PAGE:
An injured person is transported to an ambulance after a shooting, at the French satirical newspaper Charlie Hebdo's office, in Paris, Wednesday, Jan. 7, 2015.

An injured person is transported to an ambulance after a shooting, at the French satirical newspaper Charlie Hebdo's office, in Paris, Wednesday, Jan. 7, 2015. Thibault Camus/AP

Gunmen Open Fire at Paris Magazine, Killing 12

A dozen people were killed after gunmen opened fire at the offices of Charlie Hebdo, a satirical publication that has been targeted before. By Adam Chandler

On Wednesday, the Paris offices of Charlie Hebdo, the French satirical magazine, were attacked by gunmen, killing 12 people and wounding nearly a dozen others.

According to a number of reports, the gunmen, bearing Kalashnikovs and a rocket launcher, entered the building shouting "Allahu akbar!" and started firing shortly after noon. The men were said to have escaped after exchanging gunfire with police; there is currently a major manhunt underway in Paris.

French President Francois Hollande characterized the attack as being both “of exceptional barbarity”and "a terrorist attack without doubt." He added, "We are threatened because we are a country of liberty."

In the 45-year history of Charlie Hebdo (minus an 11-year absence from 1981-1992), the magazine, like many satirical outfits, has run all kinds of content that has invited controversy and provoked ire, much of it simply irreverent, some of it political and stridently anti-religious.

Most notably, in 2006, the magazine republished the infamous cartoons of Muhammed that ran in the Danish newspaper Jyllands-Posten as well as another caricature of the Islamic prophet in 2011. After the latter episode, the magazine's offices were firebombed.

Stephane "Charb" Charbonnier, the magazine's editor who was said to have been killed in the attack along with a number of well-known French cartoonists, appeared on al Qaeda's "most wanted" list in 2013.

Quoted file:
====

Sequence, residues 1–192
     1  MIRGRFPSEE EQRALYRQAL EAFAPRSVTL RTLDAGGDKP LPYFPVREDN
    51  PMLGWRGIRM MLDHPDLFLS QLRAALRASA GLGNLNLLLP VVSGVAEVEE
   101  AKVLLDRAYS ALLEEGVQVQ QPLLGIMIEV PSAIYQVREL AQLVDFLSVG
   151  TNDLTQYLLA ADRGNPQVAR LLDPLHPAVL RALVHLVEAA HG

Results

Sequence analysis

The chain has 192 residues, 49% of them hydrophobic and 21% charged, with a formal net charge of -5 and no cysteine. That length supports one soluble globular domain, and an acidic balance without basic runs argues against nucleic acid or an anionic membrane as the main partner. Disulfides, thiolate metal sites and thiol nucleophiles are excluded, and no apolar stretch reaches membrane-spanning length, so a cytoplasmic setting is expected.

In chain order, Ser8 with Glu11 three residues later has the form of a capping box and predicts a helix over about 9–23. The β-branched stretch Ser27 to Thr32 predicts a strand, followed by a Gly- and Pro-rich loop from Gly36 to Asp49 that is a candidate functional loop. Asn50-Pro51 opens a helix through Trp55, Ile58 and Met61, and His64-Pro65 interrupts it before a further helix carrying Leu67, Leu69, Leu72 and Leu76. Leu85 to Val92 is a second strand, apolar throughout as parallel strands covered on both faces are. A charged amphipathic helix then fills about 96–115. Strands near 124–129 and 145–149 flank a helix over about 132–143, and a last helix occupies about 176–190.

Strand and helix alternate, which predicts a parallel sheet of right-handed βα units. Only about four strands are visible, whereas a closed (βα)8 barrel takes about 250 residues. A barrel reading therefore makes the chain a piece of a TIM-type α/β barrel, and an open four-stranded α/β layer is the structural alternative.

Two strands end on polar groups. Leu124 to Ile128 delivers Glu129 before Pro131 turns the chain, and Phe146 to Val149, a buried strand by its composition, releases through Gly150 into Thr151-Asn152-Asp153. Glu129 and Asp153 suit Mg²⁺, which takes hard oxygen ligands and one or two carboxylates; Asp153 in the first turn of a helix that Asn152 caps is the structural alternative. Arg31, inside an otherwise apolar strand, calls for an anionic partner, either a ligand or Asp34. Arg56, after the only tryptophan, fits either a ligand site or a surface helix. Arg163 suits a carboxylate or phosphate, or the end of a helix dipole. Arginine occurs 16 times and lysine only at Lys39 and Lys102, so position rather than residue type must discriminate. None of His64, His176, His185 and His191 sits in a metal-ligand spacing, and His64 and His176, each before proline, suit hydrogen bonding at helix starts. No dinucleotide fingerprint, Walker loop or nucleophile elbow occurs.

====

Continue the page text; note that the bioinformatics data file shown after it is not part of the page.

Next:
New Yorker profile of Charb in 2012 featured this quote, which he delivered to the French newspaper Le Monde about his magazine's controversies and the corresponding threats of violence.  

I don’t feel as though I’m killing someone with a pen. I’m not putting lives at risk. When activists need a pretext to justify their violence, they always find it.

While many details are still unclear about Wednesday's attack, the magazine issued this tweet shortly before the shooting: a cartoon featuring Islamic State leader Abu Bakr al-Baghdadi.

According to the Telegraph, this week's issue features a story about a new novel by Michel Houellebecq, which is also being released in France today. "The book is about a Muslim running France according to the laws of conservative Islam."

Condemnations of the attack have started to stream in from governments around the world.

In an early statement, the White House used the "strongest possible terms" to condemn the attack. President Obama later added, "France is America’s oldest ally, and has stood shoulder to shoulder with the United States in the fight against terrorists who threaten our shared security and the world. Time and again, the French people have stood up for the universal values that generations of our people have defended."

British Prime Minister David Cameron tweeted: "The murders in Paris are sickening. We stand with the French people in the fight against terror and defending the freedom of the press."

German Chancellor Angela Merkel also added that "Shooting in France is not only an attack on French citizens, but on freedoms of press and speech."

Wednesday's shooting is the deadliest attack in France in at least two decades. With Hollande set to address the country on Wednesday evening, France has raised its security alert to its highest level.

This story is developing and will be updated as more information becomes available.